Island Living is Recession Proof

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Hawaii is not often considered among the economic powerhouses of the United States, but it seems the tiny archipelago two-and-a-half thousand miles from the California coastline knows something the rest of us do not.

Using data from the State of Hawaii Department of Business, Economic Development, and Tourism, and the ATSD, the economic performance of the fiftieth state can be explored using a number of analytic tools. Shown above are two visualizations of the Hawaiian economy: its percent growth from 2000 to 2010 and its nominal GDP value for the same years. GDP is generally considered to be the godfather of economic indicators and with a state that imports close to 90% of its food, a dollar amount subtracted from the GDP and estimated by the State to be about three billion dollars, positive growth results amid global recession are no small feat.

Comprising a modest 0.45% of the overall United States GDP, the Aloha State makes up for its below average wealth production and high import deficit with percent growth that is significantly higher than the US Average, and decline that is significantly lower than the US Average. Compare the numbers below:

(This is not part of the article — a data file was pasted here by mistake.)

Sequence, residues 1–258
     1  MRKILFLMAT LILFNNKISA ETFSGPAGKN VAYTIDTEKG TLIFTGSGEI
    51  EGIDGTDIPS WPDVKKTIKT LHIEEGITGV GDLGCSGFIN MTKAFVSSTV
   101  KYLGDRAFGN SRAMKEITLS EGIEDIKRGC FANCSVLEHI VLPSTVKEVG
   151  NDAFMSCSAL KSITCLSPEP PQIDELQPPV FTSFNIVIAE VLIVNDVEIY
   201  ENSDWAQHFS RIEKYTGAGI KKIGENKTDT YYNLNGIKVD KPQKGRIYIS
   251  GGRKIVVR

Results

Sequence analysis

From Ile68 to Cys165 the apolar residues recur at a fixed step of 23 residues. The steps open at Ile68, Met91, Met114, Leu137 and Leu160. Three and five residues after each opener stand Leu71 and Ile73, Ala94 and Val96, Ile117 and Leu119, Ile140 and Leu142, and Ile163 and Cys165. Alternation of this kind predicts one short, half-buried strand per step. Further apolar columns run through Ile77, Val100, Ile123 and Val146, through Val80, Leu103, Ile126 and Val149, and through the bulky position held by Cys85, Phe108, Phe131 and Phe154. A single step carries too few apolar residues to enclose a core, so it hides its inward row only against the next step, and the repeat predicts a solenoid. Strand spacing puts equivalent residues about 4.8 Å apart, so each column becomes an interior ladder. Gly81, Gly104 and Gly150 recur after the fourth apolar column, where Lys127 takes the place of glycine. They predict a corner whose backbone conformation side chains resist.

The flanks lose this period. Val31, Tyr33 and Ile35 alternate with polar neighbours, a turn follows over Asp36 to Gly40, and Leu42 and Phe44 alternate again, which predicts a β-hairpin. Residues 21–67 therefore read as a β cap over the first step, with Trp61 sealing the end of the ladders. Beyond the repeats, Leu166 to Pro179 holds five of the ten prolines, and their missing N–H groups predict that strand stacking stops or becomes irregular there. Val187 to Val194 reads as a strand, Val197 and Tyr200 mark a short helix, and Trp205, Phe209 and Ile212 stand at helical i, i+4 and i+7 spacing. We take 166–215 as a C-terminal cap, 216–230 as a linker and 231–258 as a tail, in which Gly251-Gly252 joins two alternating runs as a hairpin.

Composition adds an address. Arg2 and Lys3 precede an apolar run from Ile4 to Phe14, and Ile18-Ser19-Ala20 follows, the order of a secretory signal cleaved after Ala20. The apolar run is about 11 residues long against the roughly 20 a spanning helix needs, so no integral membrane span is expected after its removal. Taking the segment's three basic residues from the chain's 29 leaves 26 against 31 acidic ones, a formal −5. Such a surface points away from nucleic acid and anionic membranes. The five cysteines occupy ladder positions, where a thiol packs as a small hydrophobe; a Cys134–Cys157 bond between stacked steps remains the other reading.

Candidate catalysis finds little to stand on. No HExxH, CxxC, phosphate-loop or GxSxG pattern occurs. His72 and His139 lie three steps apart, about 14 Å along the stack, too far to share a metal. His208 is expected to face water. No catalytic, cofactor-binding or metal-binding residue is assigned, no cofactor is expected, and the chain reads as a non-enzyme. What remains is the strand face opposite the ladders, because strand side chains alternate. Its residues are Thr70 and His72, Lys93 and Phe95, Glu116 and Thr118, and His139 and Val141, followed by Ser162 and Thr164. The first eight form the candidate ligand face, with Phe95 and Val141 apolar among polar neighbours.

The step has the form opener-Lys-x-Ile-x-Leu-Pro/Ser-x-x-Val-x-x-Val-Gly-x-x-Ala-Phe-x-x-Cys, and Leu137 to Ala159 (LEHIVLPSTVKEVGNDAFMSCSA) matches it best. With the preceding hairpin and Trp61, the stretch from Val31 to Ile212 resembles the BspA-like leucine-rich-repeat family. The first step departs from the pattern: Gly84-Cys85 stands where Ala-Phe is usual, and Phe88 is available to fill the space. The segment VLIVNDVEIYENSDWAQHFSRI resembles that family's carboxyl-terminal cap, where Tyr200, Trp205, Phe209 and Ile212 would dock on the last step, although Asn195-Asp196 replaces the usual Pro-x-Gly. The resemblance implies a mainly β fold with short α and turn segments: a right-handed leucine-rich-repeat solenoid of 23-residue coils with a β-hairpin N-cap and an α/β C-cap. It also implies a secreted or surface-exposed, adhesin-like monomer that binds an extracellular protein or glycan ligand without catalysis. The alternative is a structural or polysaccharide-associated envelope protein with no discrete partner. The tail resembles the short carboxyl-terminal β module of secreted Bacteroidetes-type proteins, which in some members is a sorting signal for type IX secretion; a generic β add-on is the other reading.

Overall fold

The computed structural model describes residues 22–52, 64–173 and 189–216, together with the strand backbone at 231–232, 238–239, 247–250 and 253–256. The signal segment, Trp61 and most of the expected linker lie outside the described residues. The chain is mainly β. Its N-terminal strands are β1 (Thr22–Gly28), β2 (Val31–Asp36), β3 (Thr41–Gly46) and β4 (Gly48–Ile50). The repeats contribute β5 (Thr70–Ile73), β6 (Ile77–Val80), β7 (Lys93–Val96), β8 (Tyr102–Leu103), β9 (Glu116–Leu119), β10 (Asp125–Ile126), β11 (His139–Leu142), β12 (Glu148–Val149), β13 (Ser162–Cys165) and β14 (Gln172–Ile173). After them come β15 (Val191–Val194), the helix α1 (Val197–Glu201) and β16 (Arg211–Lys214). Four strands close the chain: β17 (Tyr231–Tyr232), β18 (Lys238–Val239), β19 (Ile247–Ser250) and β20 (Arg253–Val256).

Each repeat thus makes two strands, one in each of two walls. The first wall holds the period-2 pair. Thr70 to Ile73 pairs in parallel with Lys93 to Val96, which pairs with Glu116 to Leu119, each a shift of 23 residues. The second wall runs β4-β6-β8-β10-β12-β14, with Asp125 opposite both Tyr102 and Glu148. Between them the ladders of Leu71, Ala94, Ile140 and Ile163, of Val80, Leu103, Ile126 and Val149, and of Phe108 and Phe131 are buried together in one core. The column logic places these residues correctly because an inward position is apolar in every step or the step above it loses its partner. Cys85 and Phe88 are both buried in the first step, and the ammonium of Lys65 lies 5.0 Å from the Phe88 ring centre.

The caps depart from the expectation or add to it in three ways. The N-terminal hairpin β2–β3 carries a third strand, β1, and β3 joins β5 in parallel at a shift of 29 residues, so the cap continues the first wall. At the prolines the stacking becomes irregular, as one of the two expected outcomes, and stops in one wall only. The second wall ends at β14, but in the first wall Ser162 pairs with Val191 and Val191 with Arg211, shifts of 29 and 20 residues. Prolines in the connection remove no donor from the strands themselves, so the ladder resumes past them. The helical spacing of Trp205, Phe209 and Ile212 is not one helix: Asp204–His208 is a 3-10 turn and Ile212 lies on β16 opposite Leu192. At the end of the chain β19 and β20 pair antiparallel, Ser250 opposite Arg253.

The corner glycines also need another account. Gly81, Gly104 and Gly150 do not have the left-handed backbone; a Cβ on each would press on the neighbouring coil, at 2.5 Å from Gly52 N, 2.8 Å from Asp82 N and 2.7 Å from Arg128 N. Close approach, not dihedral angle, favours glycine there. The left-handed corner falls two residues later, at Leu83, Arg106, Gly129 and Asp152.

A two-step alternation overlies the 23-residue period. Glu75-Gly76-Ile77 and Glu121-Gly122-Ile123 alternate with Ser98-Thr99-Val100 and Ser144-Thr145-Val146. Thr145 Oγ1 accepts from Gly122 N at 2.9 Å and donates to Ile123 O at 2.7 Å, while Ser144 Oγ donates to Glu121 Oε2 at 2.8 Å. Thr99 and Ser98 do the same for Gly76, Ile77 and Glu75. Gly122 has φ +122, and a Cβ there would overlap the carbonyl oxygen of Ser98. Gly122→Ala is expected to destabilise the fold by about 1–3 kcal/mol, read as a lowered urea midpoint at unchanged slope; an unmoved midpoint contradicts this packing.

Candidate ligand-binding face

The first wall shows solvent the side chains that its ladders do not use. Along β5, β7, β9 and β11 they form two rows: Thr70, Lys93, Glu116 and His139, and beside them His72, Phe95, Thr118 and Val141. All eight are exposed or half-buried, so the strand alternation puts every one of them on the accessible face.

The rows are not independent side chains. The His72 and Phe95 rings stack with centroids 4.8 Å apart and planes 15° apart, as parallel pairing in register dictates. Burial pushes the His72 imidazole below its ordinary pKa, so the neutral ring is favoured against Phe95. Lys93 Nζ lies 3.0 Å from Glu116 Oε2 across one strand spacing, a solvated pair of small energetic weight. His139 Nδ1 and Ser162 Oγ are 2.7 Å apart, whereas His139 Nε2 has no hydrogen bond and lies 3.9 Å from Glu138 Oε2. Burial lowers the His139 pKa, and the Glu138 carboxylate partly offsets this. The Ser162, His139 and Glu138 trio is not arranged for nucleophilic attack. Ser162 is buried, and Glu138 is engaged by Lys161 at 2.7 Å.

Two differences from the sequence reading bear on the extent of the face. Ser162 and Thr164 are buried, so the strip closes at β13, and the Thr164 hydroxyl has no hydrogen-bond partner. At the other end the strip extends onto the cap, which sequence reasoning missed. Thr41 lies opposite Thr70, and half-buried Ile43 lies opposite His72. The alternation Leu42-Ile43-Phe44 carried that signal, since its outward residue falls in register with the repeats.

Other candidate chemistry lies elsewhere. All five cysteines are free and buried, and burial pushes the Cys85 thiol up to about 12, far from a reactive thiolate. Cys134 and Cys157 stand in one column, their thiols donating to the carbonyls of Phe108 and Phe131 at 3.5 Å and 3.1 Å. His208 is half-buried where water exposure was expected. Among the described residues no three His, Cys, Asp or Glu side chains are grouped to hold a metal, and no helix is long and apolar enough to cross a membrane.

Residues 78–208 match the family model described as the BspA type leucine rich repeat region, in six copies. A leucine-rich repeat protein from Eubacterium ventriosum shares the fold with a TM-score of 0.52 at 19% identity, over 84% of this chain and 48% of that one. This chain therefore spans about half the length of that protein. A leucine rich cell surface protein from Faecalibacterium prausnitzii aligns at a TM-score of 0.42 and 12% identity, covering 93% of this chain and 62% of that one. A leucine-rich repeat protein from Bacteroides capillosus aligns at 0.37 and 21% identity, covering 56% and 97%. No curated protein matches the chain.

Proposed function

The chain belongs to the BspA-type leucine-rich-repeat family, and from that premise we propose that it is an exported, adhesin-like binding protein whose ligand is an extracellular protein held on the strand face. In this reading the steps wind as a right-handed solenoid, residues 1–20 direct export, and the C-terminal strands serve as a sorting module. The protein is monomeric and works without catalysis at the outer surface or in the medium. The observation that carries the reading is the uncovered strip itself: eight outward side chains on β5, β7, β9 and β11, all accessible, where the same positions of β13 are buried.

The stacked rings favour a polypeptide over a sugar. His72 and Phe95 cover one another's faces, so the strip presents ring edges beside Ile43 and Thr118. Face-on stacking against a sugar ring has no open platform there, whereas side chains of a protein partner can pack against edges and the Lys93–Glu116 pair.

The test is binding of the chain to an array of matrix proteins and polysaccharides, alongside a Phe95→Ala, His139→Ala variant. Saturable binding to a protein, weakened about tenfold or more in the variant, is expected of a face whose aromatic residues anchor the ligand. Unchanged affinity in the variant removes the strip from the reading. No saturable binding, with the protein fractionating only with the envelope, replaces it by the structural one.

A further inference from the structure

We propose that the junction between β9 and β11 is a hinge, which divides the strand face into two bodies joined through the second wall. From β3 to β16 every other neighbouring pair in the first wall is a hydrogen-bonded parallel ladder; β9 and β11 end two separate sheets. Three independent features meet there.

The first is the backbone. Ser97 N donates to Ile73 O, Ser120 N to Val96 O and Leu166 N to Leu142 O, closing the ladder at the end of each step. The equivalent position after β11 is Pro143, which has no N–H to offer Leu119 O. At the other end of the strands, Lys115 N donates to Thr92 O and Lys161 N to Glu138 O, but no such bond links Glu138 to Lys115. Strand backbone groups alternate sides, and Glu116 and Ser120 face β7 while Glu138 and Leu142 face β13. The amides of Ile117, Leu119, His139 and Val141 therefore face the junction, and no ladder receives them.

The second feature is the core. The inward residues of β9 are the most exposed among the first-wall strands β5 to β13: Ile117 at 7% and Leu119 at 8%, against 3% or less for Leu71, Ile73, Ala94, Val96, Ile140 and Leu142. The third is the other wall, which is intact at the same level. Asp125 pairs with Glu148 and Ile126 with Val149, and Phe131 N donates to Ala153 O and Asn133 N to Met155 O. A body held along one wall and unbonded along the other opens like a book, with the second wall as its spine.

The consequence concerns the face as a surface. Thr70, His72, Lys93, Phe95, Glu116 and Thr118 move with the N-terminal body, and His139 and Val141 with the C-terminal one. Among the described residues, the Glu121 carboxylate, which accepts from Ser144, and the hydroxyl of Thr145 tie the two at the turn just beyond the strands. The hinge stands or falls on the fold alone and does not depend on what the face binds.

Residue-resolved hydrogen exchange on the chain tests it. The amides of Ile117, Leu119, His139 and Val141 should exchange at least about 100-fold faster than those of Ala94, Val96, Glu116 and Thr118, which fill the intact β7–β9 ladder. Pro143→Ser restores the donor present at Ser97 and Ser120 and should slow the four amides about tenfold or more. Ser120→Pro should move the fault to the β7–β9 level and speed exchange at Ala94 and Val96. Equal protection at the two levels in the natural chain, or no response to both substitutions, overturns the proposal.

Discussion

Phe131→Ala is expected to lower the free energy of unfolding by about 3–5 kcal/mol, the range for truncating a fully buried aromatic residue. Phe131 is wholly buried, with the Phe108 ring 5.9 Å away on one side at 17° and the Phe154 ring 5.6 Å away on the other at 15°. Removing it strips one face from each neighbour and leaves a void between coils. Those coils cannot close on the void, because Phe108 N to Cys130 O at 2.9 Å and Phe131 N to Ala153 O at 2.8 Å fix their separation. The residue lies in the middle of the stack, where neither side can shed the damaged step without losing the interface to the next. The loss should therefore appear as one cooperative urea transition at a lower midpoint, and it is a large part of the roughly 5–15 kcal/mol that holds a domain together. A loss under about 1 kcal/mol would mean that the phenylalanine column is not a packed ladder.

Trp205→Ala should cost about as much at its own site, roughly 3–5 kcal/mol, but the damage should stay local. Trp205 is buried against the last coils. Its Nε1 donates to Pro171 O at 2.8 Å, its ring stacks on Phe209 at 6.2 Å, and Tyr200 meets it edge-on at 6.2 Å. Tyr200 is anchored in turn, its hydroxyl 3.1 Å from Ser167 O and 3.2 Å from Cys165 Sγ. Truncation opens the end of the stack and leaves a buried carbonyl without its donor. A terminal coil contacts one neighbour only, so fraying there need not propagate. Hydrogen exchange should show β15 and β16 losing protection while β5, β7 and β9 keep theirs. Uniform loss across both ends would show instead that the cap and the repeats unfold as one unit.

Year Hawaii Percent Growth United States Percent Growth Nominal Difference (Hawaii Growth - US Growth)
2000 5.5% 4.09% 1.41%
2001 2.5% 0.98% 1.52%
2002 5.5% 1.70% 3.80%
2003 7.1% 2.81% 4.29%
2004 8.9% 3.79% 5.11%
2005 9.0% 3.35% 5.65%
2006 7.6% 2.67% 4.99%
2007 4.9% 1.78% 3.12%
2008 3.0% -0.29% 3.29%
2009 -1.0% -2.78% 1.78%
2010 2.0% 2.53% -0.53%

Source for US GDP Data: The World Bank.

Measuring this growth over the entire 11-year period to compare effective annual growth, Hawaii averaged a total of 4.96% per year effective growth compared to the United States' effective growth rate of just 1.86% per year. This metric averages the growth of each entity over the observed time period to show the annual growth rate if it remained constant. Effective growth (or interest) rate is often used to judge investments with a compounding interest rate, however it can be adopted to these purposes to accurately provide average performance benchmarks for Hawaii and the United States.

Even during the worst year of the eponymous Great Recession, the state of Hawaii continued to see growth locally, and it was not until the final observed year that the United States GDP Growth surpassed a tiny economy built on tourism and agriculture, two notoriously volatile industries. Hawaii is also in the top 20 states when considering per capita GDP, another popular economic indicator.

Whether the warm sunshine, the clear water, or the endless beaches drive Hawaiian growth is unclear but economic stability and opportunity can be added to the list of benefits of island living.